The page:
Cuomo’s progressive foe popular with Downtown clubs

BY LINCOLN ANDERSON | After previously voting “no endorsement” in the Democratic primary for governor, the Village Independent Democrats last Thursday reconsidered their position, ultimately throwing their support behind political newcomer Zephyr Teachout.

Teachout, a Fordham law professor, entered the Democratic primary in June after losing the Working Families Party endorsement to Governor Andrew Cuomo — and after V.I.D., in a rebuke of Cuomo, had already voted 26-0 for “no endorsement” in the primary.

Although her poll numbers are pretty low, she is proving to be popular with Downtown Democratic clubs like Downtown Independent Democrats in Lower Manhattan, which voted not to endorse Cuomo, and may soon give their nod to Teachout.

One factor in D.I.D.’s snubbing of Cuomo was the governor’s role in the recently revealed “secret M.O.U.” (memorandum of understanding) to transfer $100 million worth of development rights from Pier 40 to the St. John’s Center site in Hudson Square.

Before last Thursday night’s revote by the Village club, the contenders first had another chance to address the club. Stand-up comic turned political candidate Randy Credico, a merciless Cuomo critic, chided V.I.D. for not backing him the last time around.

“I earned the right to be endorsed by this club. But this is not a radical club — this is a Jacobin club,” accused Credico, who is also a student of political history.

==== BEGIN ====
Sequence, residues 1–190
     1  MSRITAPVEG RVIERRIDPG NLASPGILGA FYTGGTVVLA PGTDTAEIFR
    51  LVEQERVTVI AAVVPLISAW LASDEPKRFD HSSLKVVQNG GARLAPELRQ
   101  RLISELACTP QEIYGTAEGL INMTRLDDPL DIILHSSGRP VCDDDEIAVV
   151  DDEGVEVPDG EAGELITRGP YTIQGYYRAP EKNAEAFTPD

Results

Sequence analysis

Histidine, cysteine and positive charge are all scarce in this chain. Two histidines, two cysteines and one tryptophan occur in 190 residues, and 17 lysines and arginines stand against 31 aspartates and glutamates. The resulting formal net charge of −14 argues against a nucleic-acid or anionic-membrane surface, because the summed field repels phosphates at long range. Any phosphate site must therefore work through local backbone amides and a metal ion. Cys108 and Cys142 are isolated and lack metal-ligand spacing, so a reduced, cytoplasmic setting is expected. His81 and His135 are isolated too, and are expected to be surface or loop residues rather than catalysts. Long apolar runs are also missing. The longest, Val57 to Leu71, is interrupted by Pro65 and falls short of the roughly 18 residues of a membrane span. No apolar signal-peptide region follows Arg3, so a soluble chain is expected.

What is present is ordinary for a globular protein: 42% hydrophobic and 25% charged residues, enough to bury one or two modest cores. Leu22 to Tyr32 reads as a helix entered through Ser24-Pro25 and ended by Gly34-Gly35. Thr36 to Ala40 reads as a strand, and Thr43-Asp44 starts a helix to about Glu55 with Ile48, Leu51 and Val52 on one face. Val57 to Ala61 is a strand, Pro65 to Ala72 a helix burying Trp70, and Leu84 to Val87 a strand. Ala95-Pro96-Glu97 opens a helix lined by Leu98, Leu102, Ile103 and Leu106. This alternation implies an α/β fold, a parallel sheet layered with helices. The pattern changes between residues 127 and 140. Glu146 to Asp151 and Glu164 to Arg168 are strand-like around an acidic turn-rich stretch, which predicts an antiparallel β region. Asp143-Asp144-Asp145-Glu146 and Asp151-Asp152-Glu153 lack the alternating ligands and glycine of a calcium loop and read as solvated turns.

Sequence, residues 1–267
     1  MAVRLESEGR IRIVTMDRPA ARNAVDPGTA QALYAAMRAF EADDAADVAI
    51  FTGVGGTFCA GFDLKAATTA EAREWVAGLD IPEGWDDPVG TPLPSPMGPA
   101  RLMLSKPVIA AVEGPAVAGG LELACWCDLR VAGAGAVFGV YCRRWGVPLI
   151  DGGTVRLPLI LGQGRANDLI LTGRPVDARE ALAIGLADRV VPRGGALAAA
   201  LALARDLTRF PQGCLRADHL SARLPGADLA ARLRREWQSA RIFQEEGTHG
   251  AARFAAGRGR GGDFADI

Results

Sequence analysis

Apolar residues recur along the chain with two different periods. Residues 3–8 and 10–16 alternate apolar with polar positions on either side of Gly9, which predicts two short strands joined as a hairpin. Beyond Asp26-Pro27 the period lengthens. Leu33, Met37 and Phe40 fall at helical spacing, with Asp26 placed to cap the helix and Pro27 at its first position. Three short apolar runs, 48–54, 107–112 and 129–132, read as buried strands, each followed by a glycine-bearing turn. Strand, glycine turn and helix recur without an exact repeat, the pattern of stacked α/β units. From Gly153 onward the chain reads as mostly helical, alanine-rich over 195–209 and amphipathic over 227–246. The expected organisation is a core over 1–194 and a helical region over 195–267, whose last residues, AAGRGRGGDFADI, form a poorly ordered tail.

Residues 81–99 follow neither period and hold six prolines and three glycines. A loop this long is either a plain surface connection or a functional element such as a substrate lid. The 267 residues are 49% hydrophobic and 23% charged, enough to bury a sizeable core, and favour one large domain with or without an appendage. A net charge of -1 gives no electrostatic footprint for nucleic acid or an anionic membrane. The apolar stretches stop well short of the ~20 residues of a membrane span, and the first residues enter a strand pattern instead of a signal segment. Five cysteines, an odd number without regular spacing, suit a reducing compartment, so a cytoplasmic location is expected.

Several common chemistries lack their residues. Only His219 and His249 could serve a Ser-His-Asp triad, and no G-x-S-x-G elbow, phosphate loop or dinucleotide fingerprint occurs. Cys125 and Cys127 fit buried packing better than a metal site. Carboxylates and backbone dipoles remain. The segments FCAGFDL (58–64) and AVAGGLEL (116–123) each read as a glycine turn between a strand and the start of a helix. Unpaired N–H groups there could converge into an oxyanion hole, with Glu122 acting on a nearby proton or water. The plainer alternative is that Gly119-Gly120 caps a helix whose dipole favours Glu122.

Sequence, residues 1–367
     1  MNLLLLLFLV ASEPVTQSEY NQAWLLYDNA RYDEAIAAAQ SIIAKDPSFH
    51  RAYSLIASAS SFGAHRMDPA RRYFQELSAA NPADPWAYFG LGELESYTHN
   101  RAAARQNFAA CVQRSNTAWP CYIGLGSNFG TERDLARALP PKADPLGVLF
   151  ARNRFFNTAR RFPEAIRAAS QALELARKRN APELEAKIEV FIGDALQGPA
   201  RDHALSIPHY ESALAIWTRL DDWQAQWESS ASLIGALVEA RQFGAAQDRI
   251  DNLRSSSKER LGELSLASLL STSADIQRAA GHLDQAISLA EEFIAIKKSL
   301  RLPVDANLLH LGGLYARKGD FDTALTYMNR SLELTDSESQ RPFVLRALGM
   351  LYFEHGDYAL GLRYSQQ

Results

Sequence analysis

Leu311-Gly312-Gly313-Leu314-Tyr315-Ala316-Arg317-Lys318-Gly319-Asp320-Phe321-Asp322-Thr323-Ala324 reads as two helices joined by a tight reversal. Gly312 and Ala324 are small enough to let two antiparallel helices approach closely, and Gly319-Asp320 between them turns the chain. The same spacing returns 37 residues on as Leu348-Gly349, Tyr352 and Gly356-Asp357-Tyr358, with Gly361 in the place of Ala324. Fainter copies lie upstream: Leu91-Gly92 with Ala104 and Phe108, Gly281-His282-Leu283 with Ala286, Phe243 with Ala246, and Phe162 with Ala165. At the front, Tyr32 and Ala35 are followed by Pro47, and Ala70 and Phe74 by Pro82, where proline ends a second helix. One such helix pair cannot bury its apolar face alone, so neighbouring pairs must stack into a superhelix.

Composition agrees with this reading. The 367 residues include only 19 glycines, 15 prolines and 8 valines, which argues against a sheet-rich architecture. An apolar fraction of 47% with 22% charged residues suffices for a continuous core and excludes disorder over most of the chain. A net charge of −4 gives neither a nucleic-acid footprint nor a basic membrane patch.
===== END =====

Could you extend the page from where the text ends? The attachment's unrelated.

He admitted, however, that Teachout has “got a lot of buzz” right now.

“She’s a very dynamic candidate,” he said. “Cuomo is probably more fearful of her than me.”

With a final impersonation of Jimmy Stewart, followed by a declaration of, “I’m the Robespierre of the Democratic Party,” and “You’re Danton,” flung humorously at a V.I.D.’er., he strode out of the room, pushing his “running mate,” his little white dog, ahead of him in a baby stroller.

Next to have the floor, Teachout blasted Cuomo for not having achieved a Democratic-led State Senate or campaign finance reform, both of which he had promised he would bring about. In fact, she branded him “a good, moderate Republican.”

Actually, at the very moment, Cuomo was “at a fundraiser Upstate with two Republicans,” she charged.

“Someone with core Democratic values would take a clear stance on fracking,” she said. “New York should be leading on that question of banning fracking.”

During questions from club members, Charles Stimson asked why she didn’t vote last year, to which Teachout responded she had been out of town at a political event. But there were three different dates to vote — the mayoral primary, the general election and the public-advocate runoff between Tish James and Daniel Squadron — he noted. Unfazed, a smiling Teachout responded that she’s committed to running.

Finally, Erik Bottcher, Cuomo’s local liaison, spoke for the governor. He noted Cuomo passed marriage equality, plus has handled three 100-year storms in three-and-a-half years, including Hurricane Sandy, and won federal funding to deal with the disasters’ effects.

Unemployment is down to pre-2008 levels, he pointed out, while the state has its highest credit rating since 1972.

Also, Cuomo has closed 13 Upstate prisons, he said, noting, “We don’t build prisons to give people jobs.” The amount of solar-powered energy in the state has quadrupled under Cuomo, who also acquired land in the Adirondacks for the state, he added..

“These are progressive accomplishments that haven’t made the cover of The New York Times,” he stressed.

Club members then continued the discussion among themselves.